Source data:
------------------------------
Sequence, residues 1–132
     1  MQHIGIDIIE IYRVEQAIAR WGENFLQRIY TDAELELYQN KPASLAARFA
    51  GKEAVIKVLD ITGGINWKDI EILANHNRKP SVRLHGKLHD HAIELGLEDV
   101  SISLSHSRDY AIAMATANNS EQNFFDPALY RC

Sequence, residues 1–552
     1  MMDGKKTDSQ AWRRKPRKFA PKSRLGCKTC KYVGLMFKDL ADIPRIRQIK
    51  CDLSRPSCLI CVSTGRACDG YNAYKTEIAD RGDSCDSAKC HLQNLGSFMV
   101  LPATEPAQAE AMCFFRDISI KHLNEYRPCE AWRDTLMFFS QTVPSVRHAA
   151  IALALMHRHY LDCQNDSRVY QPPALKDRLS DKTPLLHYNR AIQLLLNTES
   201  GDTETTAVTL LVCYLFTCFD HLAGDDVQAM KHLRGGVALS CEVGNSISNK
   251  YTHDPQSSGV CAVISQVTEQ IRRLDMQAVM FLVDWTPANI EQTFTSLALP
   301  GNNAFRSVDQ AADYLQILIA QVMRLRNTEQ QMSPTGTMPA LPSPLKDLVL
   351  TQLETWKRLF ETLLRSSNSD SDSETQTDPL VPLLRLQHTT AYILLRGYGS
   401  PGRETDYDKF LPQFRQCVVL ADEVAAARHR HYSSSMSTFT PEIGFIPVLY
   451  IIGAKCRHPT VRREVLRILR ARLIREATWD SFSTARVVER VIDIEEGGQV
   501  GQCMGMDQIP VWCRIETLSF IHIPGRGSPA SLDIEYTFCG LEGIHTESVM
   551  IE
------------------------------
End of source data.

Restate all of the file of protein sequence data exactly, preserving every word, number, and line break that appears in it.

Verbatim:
Sequence, residues 1–132
     1  MQHIGIDIIE IYRVEQAIAR WGENFLQRIY TDAELELYQN KPASLAARFA
    51  GKEAVIKVLD ITGGINWKDI EILANHNRKP SVRLHGKLHD HAIELGLEDV
   101  SISLSHSRDY AIAMATANNS EQNFFDPALY RC

Sequence, residues 1–552
     1  MMDGKKTDSQ AWRRKPRKFA PKSRLGCKTC KYVGLMFKDL ADIPRIRQIK
    51  CDLSRPSCLI CVSTGRACDG YNAYKTEIAD RGDSCDSAKC HLQNLGSFMV
   101  LPATEPAQAE AMCFFRDISI KHLNEYRPCE AWRDTLMFFS QTVPSVRHAA
   151  IALALMHRHY LDCQNDSRVY QPPALKDRLS DKTPLLHYNR AIQLLLNTES
   201  GDTETTAVTL LVCYLFTCFD HLAGDDVQAM KHLRGGVALS CEVGNSISNK
   251  YTHDPQSSGV CAVISQVTEQ IRRLDMQAVM FLVDWTPANI EQTFTSLALP
   301  GNNAFRSVDQ AADYLQILIA QVMRLRNTEQ QMSPTGTMPA LPSPLKDLVL
   351  TQLETWKRLF ETLLRSSNSD SDSETQTDPL VPLLRLQHTT AYILLRGYGS
   401  PGRETDYDKF LPQFRQCVVL ADEVAAARHR HYSSSMSTFT PEIGFIPVLY
   451  IIGAKCRHPT VRREVLRILR ARLIREATWD SFSTARVVER VIDIEEGGQV
   501  GQCMGMDQIP VWCRIETLSF IHIPGRGSPA SLDIEYTFCG LEGIHTESVM
   551  IE